As a physical therapist, you will encounter all kinds of patients. It’s inevitable to have patients that just sneak inside to get free advice and at the moment you speak to them about payment, they say it is not necessary to go on because they feel better now.
This is more than irritating, since you invest your time and knowledge to help them and they don’t appreciate it at all. Regardless of what type of clients they are: live client or someone receiving your consults online, it hurts the same way.
Now, let’s speak firstly about the information you give out online, be it through your blog articles, videos, or social media posts. You are providing people with free value because you know that will build a relationship and eventually you would market your product to your audience and they will purchase it.
So far, so good, but why do you get disappointed when you run your offer and the conversions are very low?
This is the billion-dollar question, to which there are many answers. Between them, freeloader patients make a major part of it. Are those who make the most of your free content. Comment, share and engage, ask questions, watch every piece of free content you put, but don’t take action when you promote your offer.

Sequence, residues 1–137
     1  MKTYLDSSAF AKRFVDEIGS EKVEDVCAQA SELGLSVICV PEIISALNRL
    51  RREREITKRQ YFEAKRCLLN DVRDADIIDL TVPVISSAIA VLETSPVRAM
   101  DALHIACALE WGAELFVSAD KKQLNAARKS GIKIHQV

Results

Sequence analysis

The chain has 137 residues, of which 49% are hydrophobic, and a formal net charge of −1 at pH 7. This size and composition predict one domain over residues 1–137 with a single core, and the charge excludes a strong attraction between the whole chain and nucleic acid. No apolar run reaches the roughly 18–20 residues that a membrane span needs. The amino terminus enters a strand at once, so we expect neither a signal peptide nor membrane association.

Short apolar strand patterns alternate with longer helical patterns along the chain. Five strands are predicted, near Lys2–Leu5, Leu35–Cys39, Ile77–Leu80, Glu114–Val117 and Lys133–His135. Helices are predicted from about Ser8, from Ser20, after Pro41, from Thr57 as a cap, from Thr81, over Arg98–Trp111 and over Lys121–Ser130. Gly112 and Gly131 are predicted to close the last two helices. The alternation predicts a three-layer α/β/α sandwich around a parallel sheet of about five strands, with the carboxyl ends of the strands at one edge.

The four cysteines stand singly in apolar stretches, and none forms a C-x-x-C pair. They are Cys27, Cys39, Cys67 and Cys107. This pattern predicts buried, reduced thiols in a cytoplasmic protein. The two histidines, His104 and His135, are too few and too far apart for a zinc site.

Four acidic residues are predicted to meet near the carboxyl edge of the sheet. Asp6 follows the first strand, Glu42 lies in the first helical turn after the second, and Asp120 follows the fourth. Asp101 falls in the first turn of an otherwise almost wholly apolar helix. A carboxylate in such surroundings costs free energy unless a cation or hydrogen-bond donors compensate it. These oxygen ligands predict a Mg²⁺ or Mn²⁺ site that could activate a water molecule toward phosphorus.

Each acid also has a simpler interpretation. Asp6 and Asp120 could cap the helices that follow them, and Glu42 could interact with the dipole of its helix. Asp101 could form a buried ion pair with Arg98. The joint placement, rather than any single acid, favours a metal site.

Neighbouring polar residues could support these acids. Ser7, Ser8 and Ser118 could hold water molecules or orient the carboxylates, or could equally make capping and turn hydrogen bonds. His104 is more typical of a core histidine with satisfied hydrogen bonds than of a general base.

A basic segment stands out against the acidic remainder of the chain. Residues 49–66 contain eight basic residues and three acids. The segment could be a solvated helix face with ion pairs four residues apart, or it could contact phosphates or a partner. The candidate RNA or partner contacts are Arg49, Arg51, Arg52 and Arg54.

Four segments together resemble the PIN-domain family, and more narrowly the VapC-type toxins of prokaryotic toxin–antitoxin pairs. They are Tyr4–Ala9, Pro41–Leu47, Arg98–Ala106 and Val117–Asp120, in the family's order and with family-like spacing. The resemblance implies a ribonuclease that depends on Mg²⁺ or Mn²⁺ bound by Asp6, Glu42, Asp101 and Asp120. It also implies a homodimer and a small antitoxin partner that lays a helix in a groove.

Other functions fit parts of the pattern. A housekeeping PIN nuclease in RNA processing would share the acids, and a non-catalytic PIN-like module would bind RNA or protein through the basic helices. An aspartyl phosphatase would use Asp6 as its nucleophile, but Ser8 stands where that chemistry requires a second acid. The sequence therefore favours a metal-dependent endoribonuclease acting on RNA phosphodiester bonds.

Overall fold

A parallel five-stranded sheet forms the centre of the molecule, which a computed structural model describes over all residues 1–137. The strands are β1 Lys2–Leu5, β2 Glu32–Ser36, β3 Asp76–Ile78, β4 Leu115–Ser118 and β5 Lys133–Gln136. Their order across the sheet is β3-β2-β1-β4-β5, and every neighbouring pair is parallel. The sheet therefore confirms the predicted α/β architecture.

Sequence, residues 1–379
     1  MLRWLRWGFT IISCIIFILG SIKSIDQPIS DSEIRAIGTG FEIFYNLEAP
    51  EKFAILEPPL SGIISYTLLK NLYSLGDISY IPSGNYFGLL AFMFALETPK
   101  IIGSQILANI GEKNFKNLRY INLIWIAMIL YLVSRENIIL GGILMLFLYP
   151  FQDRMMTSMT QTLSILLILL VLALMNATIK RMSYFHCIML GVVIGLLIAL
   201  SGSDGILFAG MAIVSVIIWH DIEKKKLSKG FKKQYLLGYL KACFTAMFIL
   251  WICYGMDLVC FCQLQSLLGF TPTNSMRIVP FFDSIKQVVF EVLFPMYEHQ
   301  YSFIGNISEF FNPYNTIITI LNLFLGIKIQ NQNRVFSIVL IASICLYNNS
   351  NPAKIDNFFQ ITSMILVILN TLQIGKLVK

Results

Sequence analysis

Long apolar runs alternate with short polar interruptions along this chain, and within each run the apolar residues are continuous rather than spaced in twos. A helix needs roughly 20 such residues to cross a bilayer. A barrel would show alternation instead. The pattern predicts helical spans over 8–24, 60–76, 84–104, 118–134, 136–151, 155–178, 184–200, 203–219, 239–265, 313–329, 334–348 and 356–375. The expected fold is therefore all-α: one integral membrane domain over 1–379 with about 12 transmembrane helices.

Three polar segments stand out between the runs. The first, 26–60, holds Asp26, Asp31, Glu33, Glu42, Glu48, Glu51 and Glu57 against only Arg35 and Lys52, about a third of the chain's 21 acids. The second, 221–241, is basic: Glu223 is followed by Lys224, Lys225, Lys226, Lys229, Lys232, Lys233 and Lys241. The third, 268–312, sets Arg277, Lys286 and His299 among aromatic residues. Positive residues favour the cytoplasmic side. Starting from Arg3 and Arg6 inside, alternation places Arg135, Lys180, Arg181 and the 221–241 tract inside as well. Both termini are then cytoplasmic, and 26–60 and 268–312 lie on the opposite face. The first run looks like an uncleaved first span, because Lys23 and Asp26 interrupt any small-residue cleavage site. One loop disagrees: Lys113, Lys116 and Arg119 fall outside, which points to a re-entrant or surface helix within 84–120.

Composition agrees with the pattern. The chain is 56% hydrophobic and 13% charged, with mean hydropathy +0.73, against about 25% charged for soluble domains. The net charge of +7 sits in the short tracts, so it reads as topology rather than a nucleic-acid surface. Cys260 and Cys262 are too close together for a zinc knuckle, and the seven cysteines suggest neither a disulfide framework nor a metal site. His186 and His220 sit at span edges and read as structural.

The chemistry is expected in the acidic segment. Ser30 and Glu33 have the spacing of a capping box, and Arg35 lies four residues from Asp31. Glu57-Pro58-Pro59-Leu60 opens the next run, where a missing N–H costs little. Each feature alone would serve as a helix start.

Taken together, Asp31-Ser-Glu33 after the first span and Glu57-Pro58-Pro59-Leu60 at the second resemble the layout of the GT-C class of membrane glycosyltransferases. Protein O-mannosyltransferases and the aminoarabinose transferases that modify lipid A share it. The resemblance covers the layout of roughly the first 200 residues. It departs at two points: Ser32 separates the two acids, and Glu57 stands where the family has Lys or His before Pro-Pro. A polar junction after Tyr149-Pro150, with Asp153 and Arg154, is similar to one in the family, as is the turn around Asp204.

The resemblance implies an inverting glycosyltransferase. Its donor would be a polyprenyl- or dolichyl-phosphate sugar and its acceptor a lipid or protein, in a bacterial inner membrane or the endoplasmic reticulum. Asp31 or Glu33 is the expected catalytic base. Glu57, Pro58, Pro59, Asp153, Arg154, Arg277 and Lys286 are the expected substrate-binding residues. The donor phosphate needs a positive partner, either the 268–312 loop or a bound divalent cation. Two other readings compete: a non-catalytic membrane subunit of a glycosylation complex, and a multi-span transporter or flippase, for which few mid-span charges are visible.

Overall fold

You don’t have to get mad about this. These types of clients are everywhere, in every business, no matter the niche or product. From health to entertainment. Freeloaders are used to behaving this way with situations and people in their life. You are not the first person to confront their behavior.
But, is there a way to spot potential and non-potential paying clients in advance without draining your energy? Or at least, be able to learn from them?
Sure there are a few things you should keep in mind: